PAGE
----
I have watched Ethiopia’s “best and brightest” fall silent, deaf and mute watching truth on the scaffold and wrong on the throne. They have been watching the scaffold and throne like bystanders watching a crime scene — horrified, terrified and petrified. Perhaps they should heed Dietrich Bonhoeffer’s counsel, “Silence in the face of evil is itself evil. Not to speak is to speak. Not to act is to act.”
But if Robert Lowell is right, it does not matter who is watching silently, watching peekaboo style, watching by turning a blind eye, watching for the sake of watching or not watching at all, because there is One who standing within the shadow watches the watchers, the watched and the unwatched:
Truth forever on the scaffold, Wrong forever on the throne,— Yet that scaffold sways the future, and, behind the dim unknown, Standeth God within the shadow, keeping watch above his own.
Professor Alemayehu G. Mariam teaches political science at California State University, San Bernardino and is a practicing defense lawyer.
Previous commentaries by the author are available at:
Amharic translations of recent commentaries by the author may be found at:
Alemayehu G. Mariam
“Bondage” is the state of being bound by or subjected to some external power or control. When people are bound by debt, they are in “debt bondage”. When they are held in involuntary servitude, they are in “bondage slavery”. Before much of Africa became “independent” in the 1960s, Africans were held under the yoke of “colonial bondage”. “International aid” addiction has transformed Africa’s colonial bondage into neo-colonial bondaid. Could it be reasonably argued that Africans are sinking deeper and deeper into a quicksand of “bondaid” (to coin a new word) in the second decade of 21st Century?
In 1989, Graham Hancock wrote the “Lords of Poverty” scrutinizing the international aid “industry” including U.N. agencies, USAID, the World Bank and the IMF. His withering criticism infuriated many in the “international aid bureaucracies”. But his incisive analysis could not be easily dismissed. His basic argument is that international aid “has financed the creation of monstrous projects that, at vast expense, have devastated the environment and ruined lives; it has supported and legitimised brutal tyrannies; it has facilitated the emergence of fantastical and Byzantine bureaucracies staffed by legions of self-serving hypocrites…” It is a “a waste of time and money” and harmful to poor recipient countries ($60 billion in 1989). “Aid is not bad because it is sometimes misused, corrupt, or crass; rather, it is inherently bad, bad to the bone, and utterly beyond reform…. It is possibly the most formidable obstacle to the productive endeavors of the poor. It is also a denial of their potential, and a patronising insult to their unique, unrecognised abilities.”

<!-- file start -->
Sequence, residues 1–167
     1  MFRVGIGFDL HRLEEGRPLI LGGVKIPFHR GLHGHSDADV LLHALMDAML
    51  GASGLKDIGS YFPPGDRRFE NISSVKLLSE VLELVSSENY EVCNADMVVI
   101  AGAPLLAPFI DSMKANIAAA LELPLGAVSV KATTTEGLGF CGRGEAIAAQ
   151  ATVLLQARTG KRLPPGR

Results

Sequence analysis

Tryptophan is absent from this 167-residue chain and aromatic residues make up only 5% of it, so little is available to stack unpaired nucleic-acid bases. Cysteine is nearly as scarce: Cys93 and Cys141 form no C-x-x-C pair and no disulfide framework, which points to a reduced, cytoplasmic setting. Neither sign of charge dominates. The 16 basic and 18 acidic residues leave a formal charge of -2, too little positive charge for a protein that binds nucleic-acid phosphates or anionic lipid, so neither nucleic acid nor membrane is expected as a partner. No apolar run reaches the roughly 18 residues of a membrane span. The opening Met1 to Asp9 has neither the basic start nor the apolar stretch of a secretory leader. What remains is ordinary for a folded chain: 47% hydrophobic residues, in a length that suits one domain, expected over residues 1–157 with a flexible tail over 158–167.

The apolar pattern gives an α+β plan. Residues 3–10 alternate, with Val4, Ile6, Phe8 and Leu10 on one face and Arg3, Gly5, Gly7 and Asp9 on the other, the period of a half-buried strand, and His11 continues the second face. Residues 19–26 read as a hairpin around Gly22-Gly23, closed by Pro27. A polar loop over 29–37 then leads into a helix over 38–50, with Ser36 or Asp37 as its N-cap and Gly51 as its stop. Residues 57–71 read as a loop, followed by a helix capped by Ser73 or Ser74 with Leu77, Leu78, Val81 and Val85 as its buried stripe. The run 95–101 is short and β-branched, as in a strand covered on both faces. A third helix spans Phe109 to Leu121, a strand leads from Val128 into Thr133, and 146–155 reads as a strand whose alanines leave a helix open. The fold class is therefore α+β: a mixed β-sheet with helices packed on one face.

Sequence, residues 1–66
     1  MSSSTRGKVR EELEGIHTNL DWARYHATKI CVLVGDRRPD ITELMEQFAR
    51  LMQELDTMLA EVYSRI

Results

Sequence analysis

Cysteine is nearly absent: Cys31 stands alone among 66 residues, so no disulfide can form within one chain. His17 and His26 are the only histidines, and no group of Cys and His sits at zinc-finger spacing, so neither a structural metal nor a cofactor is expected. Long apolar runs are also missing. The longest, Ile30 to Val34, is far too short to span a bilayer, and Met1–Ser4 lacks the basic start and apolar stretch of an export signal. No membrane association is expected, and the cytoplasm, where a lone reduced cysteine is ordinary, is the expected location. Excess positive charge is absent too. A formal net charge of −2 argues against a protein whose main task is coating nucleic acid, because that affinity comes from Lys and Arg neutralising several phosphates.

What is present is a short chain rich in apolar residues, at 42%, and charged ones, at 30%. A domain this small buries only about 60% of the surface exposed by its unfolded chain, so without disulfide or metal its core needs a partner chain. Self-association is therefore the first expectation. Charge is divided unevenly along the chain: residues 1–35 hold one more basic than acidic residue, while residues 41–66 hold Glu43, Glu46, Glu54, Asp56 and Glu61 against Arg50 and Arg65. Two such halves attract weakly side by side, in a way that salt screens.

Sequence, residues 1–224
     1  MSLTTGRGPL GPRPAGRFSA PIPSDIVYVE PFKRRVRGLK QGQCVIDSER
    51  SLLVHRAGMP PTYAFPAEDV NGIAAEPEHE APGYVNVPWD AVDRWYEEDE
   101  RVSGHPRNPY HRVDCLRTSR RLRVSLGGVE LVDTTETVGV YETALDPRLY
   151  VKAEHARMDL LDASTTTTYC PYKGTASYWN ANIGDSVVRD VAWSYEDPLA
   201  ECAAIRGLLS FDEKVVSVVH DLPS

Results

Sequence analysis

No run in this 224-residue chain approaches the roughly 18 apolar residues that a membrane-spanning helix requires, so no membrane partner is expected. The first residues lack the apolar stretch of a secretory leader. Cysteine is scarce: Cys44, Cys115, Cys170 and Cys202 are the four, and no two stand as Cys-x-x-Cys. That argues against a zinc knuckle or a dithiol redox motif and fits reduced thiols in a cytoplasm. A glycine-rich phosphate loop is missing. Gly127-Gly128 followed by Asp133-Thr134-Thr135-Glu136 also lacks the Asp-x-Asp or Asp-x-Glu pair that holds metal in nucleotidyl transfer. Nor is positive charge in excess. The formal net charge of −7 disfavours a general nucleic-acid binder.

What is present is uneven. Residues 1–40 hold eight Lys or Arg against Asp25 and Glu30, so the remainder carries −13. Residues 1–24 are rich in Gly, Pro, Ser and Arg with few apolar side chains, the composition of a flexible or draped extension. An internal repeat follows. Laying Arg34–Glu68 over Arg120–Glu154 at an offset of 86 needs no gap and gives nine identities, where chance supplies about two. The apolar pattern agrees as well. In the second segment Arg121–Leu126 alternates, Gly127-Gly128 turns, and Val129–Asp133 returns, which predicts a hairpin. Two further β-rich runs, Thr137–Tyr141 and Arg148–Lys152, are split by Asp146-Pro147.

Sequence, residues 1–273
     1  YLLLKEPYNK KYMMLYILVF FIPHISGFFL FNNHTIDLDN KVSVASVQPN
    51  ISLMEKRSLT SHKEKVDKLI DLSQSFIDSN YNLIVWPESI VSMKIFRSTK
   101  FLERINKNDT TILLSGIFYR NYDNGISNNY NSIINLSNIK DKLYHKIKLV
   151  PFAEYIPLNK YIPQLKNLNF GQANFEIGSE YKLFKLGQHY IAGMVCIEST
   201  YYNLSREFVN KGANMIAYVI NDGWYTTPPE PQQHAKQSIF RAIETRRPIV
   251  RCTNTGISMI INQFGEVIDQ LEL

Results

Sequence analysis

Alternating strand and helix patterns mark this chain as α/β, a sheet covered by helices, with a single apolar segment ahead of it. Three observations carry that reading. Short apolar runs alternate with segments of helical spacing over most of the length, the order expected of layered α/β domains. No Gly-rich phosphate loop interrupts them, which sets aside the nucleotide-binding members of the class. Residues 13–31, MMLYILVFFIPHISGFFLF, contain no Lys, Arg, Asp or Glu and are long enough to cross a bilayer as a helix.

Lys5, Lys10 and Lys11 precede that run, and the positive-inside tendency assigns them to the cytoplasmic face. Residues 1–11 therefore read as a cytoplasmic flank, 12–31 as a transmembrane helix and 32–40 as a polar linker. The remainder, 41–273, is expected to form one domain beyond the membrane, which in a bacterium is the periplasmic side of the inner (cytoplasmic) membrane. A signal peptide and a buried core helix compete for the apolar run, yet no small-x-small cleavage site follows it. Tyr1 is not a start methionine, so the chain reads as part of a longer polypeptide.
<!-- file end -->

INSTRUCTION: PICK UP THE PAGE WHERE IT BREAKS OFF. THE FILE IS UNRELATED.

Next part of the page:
Hancock views “international aid” as an elaborate “game” in which “public money levied in taxes from the poor of the rich countries is transferred in the form of ‘foreign aid’ to the rich in the poor countries; the rich in the poor countries then hand it back for safe-keeping to the rich in the rich countries.” He debunks the myth that “international aid works” and “must not be stopped because the poor could not survive without it.” He argues that “if the statement that ‘aid works’ is true, then presumably the poor should be in a much better shape than they were before they first began to receive it half a century ago. If so, then aid’s job should by now be nearly over and it ought to be possible to begin a gradual withdrawal without hurting anyone.”
The message of Hancok’s analysis is that the lords of poverty make up an invisible army of faceless, nameless, heartless, thoughtless, merciless, gutless, clueless, conscienceless and feckless “international civil servants, development experts, consultants and assorted freeloaders” unleashed on Africa to perpetuate and sustain a culture of poverty and beggary. Hancock points out
… the ugly reality is that most poor people in most poor countries most of the time never receive or even make contact with aid in any tangible shape or form: whether is it present or absent, increased or decreased, are thus issues that are simply irrelevant to the ways in which they conduct their daily lives. After the multi-billion-dollar ‘financial flows’ involved have been shaken through the sieve of over-priced and irrelevant goods that must be bought in the donor countries, filtered again in the deep pockets of hundreds of thousands of foreign experts and aid agency staff, skimmed off by dishonest commission agents, and stolen by corrupt Ministers and Presidents, there is really very little left to go around. This little, furthermore, is then used thoughtlessly, or maliciously, or irresponsibly by those in power — who have no mandate from the poor, who do not consult with them and who are utterly indifferent to their fate. Small wonder, then, that the effects of aid are so often vicious and destructive for the most vulnerable members of human society.
A decade later in 2009, Dambissa Moyo, echoed similar views: “Aid is an unmitigated political, economic and humanitarian disaster…. Over the past 60 years at least $1 trillion of development-related aid has been transferred from rich countries to Africa. Yet real per-capita income today is lower than it was in the 1970s, and more than 50% of the population — over 350 million people — live on less than a dollar a day, a figure that has nearly doubled in two decades…”
Hancock indicts the international aid industry as unaccountable, smug, detached, self-aggrandizing and paternalistic: